Leaders in wireless, automotive, healthcare, academia and government will gather at the third annual Brooklyn 5G Summit April 20-22, 2016 to explore and showcase the latest developments and research aimed at making 5G a commercial reality in telecommunications, machine-to-machine communication, and the Internet of Things (IoT).
The invitation-only summit, at New York University’s Tandon School of Engineering, is jointly organized by NYU WIRELESS and Nokia, and will be live streamed by the IEEE Communications Society. The event features leaders from companies including Nokia, Verizon, DoCoMo, Intel, Qualcomm, T-Mobile, and Vodafone, as well as the Federal Communications Commission and the Scripps Clinic and Research Institute.
“This is a watershed moment for 5G wireless,” said Theodore (Ted) S. Rappaport, the Ernst Weber/David Lee professor of electrical engineering at NYU Tandon and founder and director of NYU WIRELESS. “We are in the midst of a dramatic increase not only in the sheer number of mobile smart devices, wearables, and machine-to-machine connections, but also in sheer volume of the data traffic these and other IoT devices are generating. With multi-gigabit-per-second mobile communications nearing reality, this is an exciting time for the wireless industry, and we are pleased to play a major role as a convener and producer of basic knowledge to bring wireless into its Renaissance over the next several years.”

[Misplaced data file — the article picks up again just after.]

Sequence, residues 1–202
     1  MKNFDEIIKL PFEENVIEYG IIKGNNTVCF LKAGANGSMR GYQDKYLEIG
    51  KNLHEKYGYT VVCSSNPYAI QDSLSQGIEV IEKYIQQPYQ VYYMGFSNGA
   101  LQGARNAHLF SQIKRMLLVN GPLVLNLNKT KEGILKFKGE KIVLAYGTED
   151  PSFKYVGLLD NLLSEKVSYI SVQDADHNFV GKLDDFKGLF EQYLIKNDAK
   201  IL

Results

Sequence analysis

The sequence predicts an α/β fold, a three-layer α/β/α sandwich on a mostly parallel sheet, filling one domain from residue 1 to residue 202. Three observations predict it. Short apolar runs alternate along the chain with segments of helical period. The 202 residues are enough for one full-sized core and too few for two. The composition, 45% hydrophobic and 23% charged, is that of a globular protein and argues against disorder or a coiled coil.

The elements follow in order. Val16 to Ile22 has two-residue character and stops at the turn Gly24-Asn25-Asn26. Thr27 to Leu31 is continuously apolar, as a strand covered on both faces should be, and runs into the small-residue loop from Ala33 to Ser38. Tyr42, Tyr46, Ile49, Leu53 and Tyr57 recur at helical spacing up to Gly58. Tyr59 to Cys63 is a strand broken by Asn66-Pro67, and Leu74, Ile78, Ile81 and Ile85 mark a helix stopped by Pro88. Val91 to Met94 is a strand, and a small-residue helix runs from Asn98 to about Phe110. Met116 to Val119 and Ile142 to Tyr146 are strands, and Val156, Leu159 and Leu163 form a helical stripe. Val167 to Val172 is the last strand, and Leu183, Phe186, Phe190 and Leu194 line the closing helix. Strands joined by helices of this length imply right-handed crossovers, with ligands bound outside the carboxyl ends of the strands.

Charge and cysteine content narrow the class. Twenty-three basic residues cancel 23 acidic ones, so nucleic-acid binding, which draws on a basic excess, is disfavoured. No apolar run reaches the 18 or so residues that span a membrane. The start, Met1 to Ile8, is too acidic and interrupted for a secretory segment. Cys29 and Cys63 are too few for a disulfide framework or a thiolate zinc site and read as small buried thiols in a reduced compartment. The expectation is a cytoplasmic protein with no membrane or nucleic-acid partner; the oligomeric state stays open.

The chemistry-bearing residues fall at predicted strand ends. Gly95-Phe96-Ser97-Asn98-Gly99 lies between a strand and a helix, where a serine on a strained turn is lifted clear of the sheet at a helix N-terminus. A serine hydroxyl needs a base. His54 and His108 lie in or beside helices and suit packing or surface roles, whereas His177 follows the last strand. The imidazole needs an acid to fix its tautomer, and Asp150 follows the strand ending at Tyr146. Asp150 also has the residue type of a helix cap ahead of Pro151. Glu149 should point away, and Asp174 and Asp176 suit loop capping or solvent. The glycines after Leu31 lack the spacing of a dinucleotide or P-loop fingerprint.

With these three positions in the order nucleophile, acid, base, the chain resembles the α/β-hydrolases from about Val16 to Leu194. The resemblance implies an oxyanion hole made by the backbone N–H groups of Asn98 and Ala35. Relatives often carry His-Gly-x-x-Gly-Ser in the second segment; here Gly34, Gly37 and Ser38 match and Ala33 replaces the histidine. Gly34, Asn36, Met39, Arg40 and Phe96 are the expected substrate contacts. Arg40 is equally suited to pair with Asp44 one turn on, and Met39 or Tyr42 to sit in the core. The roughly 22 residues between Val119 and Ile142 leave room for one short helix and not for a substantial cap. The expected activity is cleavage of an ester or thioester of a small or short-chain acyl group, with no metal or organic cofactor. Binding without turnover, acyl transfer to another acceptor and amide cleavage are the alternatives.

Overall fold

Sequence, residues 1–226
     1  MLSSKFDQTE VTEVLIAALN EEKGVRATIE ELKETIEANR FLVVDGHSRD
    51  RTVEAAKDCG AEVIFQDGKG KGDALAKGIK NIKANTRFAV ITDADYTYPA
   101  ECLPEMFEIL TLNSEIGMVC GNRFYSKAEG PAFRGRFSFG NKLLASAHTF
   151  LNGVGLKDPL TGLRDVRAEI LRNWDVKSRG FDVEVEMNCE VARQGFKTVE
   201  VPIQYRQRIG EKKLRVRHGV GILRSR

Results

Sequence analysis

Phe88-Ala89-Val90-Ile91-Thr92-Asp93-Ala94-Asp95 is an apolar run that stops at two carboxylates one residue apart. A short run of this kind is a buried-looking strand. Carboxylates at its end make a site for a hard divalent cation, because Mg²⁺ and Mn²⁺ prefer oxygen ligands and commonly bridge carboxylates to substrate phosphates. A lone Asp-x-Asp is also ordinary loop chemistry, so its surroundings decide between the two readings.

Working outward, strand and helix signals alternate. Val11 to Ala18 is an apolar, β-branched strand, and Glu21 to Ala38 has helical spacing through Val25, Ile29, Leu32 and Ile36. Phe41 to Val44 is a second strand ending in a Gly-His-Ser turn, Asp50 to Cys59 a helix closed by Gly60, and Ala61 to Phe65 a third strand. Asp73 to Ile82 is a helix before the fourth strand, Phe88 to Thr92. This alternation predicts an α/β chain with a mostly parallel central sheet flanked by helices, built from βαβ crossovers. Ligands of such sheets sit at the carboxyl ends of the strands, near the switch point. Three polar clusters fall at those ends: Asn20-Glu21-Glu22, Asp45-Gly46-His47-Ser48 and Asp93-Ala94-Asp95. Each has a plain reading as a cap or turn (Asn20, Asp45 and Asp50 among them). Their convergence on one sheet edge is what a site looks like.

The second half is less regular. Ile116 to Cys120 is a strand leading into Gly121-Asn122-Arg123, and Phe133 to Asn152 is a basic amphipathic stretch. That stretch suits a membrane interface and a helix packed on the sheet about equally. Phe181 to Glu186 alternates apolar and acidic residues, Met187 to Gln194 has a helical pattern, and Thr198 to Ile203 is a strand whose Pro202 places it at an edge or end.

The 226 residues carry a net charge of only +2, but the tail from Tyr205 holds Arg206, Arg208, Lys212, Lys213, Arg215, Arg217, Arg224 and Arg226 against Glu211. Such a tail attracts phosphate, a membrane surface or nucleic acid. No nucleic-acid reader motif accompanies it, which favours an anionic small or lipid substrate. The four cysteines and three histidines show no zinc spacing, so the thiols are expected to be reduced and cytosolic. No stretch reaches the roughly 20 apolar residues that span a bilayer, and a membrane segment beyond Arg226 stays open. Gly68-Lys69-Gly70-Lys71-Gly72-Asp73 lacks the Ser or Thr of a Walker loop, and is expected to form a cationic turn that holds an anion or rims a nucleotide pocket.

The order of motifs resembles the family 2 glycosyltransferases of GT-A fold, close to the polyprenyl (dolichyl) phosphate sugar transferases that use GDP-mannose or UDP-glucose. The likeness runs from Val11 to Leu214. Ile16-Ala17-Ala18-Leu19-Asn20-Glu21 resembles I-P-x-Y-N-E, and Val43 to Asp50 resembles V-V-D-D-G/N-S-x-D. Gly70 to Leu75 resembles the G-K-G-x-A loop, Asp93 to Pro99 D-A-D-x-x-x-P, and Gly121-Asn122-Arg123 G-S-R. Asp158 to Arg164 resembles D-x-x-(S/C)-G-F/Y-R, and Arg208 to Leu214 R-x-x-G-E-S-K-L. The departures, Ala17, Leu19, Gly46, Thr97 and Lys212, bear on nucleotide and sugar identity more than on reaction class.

“The 5G era architecture will be the fabric that opens up a whole new set of human possibilities. Technology innovations have made it possible to do 5G earlier than most thought, with operators moving to pre-standard implementation to start developing and trialing 5G business models before the commercial availability of the full 5G standard,” said Volker Ziegler, head of 5G leadership and chief architect for Nokia. “Early 5G services will be rolled out in 2017, with full 5G commercial services coming in 2020 that will transform and automate how we live in the digital world.”NYU WIRELESS conducted the world’s first radio channel measurements that proved that the millimeter-wave (mmWave) spectrum holds vast potential to improve wireless communications – to perhaps 1,000 times the capacity and many times the speed of 4G LTE. The need is acute. A new report by Bell Labs Consulting, a division of Nokia Bell Labs research, estimates that by 2020 global consumption demand for digital content and services on mobile and portable devices will increase an average of 30 to 45 times from 2014 levels — with some markets experiencing as much as a 98-fold jump. Audio and video streaming traffic will account for 79 percent of the traffic increase.
Technical challenges to creating efficient 5G networks and innovations in cell networks and mmWave technology will be key topics at the Brooklyn 5G Summit. Also, for the first time, the summit includes an automotive focus featuring a keynote and panel participation by researchers at Toyota’s InfoTechnology Center.
Presentations by industry leaders will include Tom Keathley, executive vice president of AT&T; Marcus Weldon, president of Nokia Bell Labs and Nokia CTO; Onur Altintas, Toyota InfoTechnology Center fellow; and Seizo Onoe, chief technology officer of Japanese carrier NTT DoCoMo.